“Pathways of Post-Conflict Violence: The Assassination of Social Leaders in Colombia”
Juan Albarracín (Notre Dame), Juan Corredor (CUNY), Juan Pablo Milanese (ICESI), Inge Valencia (ICESI) y Jonas Wolff (PRIF)
Violence in post-conflict settings is usually attributed to a post-war boom in organized crime, facilitated by the demobilization of armed groups and the persisting weakness of the state. In this paper, we argue that this is only one pathway of post-conflict violence. A second causal pathway emerges from the challenges that peace processes can constitute for entrenched local political orders. By fostering greater political inclusion, the implementation of peace agreements may threaten subnational political elites that have used the context of armed conflict to ally with armed non-state actors (ANSAs). Violence is then used as a means to preserve such de facto authoritarian local orders. The assassination of social leaders (líderes sociales) in Colombia, which has increased significantly since the 2016 peace agreement with the FARC guerrilla, is a case in point. We argue that this specific type of targeted violence can, in fact, be attributed to different, locally specific configurations that resemble the two pathways. The paper combines Qualitative Comparative Analysis (QCA) with two case studies of the municipalities of Sardinata (Norte de Santander) and Suárez (Cauca) to establish and illustrate the two pathways.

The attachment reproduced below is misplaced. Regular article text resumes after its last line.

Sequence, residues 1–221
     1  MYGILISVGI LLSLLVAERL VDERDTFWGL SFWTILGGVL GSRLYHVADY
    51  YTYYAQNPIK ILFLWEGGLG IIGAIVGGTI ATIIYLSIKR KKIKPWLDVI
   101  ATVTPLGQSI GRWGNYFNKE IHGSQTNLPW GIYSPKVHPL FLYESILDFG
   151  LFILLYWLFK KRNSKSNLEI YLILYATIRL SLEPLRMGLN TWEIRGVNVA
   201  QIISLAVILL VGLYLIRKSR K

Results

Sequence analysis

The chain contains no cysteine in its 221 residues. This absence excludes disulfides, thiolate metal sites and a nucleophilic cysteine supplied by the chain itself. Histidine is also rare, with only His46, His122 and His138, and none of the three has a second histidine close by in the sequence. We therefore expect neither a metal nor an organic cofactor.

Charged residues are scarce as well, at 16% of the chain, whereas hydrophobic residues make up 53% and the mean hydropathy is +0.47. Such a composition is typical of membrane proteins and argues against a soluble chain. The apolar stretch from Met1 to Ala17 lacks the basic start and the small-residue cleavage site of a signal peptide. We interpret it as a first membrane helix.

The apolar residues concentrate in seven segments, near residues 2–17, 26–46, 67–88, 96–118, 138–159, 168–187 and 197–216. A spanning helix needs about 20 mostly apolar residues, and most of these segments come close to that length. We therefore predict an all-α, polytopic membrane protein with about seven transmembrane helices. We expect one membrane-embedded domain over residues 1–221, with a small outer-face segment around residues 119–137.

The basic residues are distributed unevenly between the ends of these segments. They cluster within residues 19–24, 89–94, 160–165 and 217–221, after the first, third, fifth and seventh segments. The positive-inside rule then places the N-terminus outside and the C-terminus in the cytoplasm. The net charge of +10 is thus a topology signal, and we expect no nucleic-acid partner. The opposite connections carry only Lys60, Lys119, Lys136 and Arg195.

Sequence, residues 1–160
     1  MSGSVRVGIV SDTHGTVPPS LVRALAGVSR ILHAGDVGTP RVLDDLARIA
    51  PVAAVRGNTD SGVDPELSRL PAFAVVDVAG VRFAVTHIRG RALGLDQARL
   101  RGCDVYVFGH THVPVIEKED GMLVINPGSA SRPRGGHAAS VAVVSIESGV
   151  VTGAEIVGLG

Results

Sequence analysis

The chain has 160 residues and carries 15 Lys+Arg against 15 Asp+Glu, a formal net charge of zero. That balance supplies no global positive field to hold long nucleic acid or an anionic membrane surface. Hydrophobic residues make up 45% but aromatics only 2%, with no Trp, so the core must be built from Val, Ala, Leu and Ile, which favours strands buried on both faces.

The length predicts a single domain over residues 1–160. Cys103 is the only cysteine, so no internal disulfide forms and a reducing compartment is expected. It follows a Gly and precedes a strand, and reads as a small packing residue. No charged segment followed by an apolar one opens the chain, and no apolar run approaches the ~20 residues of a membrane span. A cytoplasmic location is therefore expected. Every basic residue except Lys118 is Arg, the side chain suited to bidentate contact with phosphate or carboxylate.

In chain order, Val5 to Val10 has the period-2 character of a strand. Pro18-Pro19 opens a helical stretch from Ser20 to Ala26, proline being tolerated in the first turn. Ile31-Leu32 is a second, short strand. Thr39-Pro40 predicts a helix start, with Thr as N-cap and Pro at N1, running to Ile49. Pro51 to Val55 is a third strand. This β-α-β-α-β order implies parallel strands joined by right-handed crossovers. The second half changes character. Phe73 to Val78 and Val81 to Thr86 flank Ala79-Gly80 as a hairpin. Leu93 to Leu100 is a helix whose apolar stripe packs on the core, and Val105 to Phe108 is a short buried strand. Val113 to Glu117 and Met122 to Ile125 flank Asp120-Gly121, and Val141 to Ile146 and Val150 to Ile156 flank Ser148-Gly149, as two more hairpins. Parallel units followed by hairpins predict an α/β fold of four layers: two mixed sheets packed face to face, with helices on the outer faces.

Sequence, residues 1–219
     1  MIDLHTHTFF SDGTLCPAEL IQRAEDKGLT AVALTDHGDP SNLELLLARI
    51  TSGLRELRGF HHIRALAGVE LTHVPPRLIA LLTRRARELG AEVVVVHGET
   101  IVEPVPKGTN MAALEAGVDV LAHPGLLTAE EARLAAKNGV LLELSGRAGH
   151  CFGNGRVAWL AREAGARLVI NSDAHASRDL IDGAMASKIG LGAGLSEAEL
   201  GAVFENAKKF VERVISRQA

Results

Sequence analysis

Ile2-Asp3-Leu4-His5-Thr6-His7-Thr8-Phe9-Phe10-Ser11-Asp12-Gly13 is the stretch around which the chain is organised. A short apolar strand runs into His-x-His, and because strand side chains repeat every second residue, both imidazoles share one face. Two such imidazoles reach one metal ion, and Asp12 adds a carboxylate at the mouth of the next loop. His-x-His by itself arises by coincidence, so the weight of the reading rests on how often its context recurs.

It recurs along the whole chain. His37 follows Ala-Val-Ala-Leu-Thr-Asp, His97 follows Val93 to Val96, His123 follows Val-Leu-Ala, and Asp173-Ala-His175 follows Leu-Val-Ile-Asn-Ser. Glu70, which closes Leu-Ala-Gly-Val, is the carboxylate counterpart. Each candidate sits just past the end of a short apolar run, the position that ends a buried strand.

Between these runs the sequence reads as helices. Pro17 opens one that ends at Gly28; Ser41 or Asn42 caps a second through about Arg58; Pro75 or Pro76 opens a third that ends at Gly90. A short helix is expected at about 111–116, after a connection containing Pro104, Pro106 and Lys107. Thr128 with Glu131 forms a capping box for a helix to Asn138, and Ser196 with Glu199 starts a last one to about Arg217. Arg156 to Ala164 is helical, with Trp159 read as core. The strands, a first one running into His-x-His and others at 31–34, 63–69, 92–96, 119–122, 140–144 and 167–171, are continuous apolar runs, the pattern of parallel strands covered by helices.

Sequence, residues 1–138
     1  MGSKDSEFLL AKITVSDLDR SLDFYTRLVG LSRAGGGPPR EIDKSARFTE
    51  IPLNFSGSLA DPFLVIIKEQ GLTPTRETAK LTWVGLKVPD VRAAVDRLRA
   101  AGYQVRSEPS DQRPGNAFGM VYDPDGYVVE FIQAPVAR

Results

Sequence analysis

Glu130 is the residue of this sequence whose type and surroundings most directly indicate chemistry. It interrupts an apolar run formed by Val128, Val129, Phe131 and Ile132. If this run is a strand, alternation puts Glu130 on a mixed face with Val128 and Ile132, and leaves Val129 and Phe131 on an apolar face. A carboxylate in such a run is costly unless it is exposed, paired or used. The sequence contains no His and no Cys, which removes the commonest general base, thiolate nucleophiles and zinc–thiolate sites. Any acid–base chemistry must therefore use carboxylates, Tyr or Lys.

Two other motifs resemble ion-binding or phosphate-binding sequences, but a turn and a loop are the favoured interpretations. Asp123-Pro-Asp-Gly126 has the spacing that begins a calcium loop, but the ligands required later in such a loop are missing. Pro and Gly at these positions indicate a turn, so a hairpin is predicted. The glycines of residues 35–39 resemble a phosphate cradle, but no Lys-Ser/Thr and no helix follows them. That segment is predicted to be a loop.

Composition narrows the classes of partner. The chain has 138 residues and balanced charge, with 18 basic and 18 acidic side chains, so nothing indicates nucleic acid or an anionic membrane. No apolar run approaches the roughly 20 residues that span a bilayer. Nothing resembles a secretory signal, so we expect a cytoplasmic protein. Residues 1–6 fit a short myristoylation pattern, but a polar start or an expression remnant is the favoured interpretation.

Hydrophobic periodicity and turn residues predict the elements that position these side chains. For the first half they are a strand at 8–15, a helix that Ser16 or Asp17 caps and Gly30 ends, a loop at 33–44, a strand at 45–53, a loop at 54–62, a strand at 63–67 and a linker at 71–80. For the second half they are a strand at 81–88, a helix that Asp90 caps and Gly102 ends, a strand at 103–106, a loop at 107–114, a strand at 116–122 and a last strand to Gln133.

Open to Ph.D. students, fellows, and faculty who are interested in civil war, violence, crime, peace, conflict management, and conflict resolution. The workshop is an informal gathering to discuss work-in-progress, dissertation chapters and proposals, practice conference talks, etc.